Big Data Holds Amazing Potential, Alongside Ethical Challenges
The availability and analysis of big data opens up enormous opportunities for research, but is not without serious dangers, faculty concluded at "The Amazing Potential and the Dark Side of Big Data," a university-wide seminar organized as part of CEU's Intellectual Themes Initiative, which brings research, teaching and outreach projects under four interdisciplinary themes, one of which is Networks.
The "data deluge" is a "gold mine for science," according to Professor Janos Kertesz of CEU's Center for Network Science (CNS), who also directs CEU's PhD program in network science. Kertesz spoke of the possibilities of mapping human behavior better than ever before, because of the sheer size of the sample group compared with traditional research methods such as questionnaires, which by nature have a limited size and the danger of subjective answers.
At CNS, records of millions of mobile phone calls, with metadata such as gender and age, are just one set of big data that allowed Kertesz and colleagues to map relationships among people over time and identify patterns of behavior among men and women in different generations.
Collection, analysis, storage of, and access to records and personal data present opportunities indeed, but also raise ethical questions regarding privacy, according to Dean of Students Chrys Margaritidis, who is also a philosopher and teaches at CEU Summer University.
"The big ethical question is that there is a set of technological possibilities, a set of what society or an organization wants, what is allowed by law, and what we want ethically. These are misaligned," Margaritidis said in his presentation, "Big Data, Big Brother, Big Challenges." "Perhaps one day they will be aligned."
The use of past data to predict future behavior or events can also be problematic from an ethical perspective, Margaritidis said. Predictive policing is based on applying artificial intelligence to the large sets of crime data, finding new patterns that weren't recognizable before.
"The goal is to predict the location of future crimes," Margaritidis said. "The caveats are, that we assume the future will follow past patterns. Second, the sources of data – are they accurate? Third, it's costly to maintain. Fourth, it may become a self-fulfilling prophecy."
Margaritidis left the audience with the thought that big data involves issues of the utmost importance - knowledge, identity, privacy, responsibility, justice, equality, democracy – and must be examined from an ethical perspective.
The idea that the data deluge makes theory and modeling obsolete is not true, according to Roberta Sinatra, assistant professor at the Center for Network Science and at the Department of Mathematics and its Applications, referring to Wired editor Chris Anderson's analysis.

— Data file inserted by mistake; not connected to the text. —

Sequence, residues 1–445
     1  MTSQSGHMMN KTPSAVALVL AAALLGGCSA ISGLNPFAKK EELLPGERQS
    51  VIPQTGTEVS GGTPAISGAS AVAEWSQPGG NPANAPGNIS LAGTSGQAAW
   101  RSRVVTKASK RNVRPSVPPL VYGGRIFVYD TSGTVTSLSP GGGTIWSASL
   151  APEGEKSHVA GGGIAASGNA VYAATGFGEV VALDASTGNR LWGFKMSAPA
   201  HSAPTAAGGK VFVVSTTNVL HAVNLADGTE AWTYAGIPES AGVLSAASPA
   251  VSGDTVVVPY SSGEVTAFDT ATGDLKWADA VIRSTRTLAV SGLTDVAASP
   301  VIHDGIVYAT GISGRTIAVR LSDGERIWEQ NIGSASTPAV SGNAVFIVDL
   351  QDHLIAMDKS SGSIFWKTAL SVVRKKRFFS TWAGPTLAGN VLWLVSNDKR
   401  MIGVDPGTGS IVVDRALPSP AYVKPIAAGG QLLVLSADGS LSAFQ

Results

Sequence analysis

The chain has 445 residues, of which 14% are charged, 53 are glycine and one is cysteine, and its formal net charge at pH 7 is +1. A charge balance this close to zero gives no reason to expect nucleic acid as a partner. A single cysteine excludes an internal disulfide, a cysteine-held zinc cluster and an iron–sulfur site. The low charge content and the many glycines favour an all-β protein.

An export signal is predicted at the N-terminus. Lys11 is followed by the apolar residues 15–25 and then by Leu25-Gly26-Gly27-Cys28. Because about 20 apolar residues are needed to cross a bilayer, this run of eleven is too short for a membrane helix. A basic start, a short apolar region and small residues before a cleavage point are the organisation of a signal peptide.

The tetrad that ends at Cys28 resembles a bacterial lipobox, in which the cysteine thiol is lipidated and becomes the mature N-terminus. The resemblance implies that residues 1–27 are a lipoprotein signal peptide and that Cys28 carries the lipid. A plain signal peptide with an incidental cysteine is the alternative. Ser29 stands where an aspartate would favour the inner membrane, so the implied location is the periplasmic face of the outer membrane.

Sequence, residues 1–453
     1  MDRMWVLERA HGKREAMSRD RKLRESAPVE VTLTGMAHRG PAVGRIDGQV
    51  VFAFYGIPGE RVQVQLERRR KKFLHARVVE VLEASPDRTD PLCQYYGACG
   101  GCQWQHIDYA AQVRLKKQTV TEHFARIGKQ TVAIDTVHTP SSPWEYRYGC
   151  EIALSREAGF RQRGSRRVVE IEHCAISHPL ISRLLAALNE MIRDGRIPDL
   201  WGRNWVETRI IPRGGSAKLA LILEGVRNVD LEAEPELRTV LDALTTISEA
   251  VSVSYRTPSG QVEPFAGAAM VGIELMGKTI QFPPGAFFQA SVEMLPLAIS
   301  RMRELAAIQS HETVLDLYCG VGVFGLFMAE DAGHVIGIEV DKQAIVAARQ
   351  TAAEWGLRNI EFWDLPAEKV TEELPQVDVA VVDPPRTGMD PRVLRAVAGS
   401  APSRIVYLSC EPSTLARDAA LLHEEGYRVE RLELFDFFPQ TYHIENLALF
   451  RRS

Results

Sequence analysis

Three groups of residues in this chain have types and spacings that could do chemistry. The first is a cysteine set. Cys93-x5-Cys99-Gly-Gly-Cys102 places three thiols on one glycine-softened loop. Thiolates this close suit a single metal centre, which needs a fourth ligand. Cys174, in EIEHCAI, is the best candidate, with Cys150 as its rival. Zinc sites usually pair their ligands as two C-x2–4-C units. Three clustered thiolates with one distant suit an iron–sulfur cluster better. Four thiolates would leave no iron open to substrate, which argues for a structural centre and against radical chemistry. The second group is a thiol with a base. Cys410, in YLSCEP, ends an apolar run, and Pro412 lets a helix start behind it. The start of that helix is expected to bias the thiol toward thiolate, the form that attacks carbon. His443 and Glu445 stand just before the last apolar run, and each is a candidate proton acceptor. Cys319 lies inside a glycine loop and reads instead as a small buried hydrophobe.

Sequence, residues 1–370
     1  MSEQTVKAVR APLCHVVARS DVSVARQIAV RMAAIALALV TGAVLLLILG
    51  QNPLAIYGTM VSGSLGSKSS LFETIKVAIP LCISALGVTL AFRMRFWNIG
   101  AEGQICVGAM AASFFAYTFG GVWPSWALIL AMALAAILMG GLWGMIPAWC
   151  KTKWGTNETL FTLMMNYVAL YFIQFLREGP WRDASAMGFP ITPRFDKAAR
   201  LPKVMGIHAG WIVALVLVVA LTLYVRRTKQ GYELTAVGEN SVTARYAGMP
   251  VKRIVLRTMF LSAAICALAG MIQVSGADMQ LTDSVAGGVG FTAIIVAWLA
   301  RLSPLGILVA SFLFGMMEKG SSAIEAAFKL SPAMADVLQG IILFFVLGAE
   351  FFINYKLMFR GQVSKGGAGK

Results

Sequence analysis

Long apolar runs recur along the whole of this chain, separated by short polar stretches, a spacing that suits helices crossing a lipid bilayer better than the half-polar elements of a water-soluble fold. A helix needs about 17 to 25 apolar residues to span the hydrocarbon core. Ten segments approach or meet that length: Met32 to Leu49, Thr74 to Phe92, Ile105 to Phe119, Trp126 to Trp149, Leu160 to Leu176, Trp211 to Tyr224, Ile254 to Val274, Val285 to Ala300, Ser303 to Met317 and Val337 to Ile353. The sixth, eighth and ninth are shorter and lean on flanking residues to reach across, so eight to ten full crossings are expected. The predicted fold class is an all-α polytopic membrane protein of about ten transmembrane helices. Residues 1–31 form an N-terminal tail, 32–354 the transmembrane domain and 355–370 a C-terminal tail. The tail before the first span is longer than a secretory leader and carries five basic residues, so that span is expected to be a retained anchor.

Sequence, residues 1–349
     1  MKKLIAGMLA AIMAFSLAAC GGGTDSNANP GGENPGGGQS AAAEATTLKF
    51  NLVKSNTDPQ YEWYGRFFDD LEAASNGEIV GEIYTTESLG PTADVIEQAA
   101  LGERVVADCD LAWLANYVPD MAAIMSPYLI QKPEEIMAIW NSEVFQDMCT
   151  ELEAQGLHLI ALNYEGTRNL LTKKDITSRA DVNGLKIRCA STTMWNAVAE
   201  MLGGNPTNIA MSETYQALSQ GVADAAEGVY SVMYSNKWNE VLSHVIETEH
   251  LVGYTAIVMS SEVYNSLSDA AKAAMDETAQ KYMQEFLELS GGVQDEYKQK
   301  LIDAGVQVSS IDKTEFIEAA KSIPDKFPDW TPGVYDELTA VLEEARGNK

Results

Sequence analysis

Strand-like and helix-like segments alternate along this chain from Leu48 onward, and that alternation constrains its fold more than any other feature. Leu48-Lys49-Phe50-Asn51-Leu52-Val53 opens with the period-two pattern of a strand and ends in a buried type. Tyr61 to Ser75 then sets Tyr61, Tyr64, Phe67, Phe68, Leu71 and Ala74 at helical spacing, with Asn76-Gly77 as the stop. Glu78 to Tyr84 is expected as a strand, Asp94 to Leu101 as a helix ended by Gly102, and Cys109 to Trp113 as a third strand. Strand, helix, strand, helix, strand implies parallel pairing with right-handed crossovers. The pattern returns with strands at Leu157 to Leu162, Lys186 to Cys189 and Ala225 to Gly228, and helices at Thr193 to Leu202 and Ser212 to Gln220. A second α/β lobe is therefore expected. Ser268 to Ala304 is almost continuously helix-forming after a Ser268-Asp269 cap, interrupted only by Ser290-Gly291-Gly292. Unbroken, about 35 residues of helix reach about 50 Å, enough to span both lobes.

"Google is the best example of a data collector today, but they got the prediction of the spread of flu a couple of years ago very wrong," Sinatra said. "The U.S. would not have been prepared [for the outbreak] if decisions had been based on that prediction. It was not done in a mechanistic way but in a black box model. For a good prediction, we need to see how people move, how they are connected."
In this way, Sinatra warned against thinking big data can make predictions all by itself. Weather phenomena such as a hurricane's trajectory can be predicted with data, indeed, but it comes from understand the laws of physics, of how nature works, she said.
"Big data by itself cannot give us an answer," she said. "We need to couple this treasure trove of information with our understanding of the systems. We need the right models. Not just statistical, but how social systems work. We need to find the mechanisms driving these social phenomena."
The presentations were followed by a discussion among the presenters, joined by Kate Coyer, director of the Civil Society and Technology Project for the Center for Media, Data and Society at the School of Public Policy, who is currently a fellow at Harvard's Berkman Klein Center for Internet & Society. Gabor Kezdi, professor in the Department of Economics, also joined.
"Who's collecting data, for what purpose, and who has access?" Coyer asked. "We have the private sector as collectors and aggregators, and what is their relationship with governments? Data becomes a benign term... it's about our identity. Who is at risk? All of us."
"Who tells whom what's a fact?" Kezdi asked. "This is a fundamentally difficult question. The academic community has an enormous responsibility to address this issue. The level of literacy in the basics of data analysis, scientific inquiry, and the basics of data security for our own digital safety is so low that it's a miracle things are still kept together."
The issue has huge implications for CEU, according to President and Rector Michael Ignatieff.
"On the educational side, we need to educate our students to some of these issues," Ignatieff said. "We need courses that introduce students to the excitement of big data but also to the ethical questions. We have direct questions – we are collecting data and need some policies. There are implications for our house."
The seminar was the second of the 2016-17 academic year, following one last month on energy and security. Three are planned for the next semester - one on witchcraft, one on political thought, and a third on religious studies.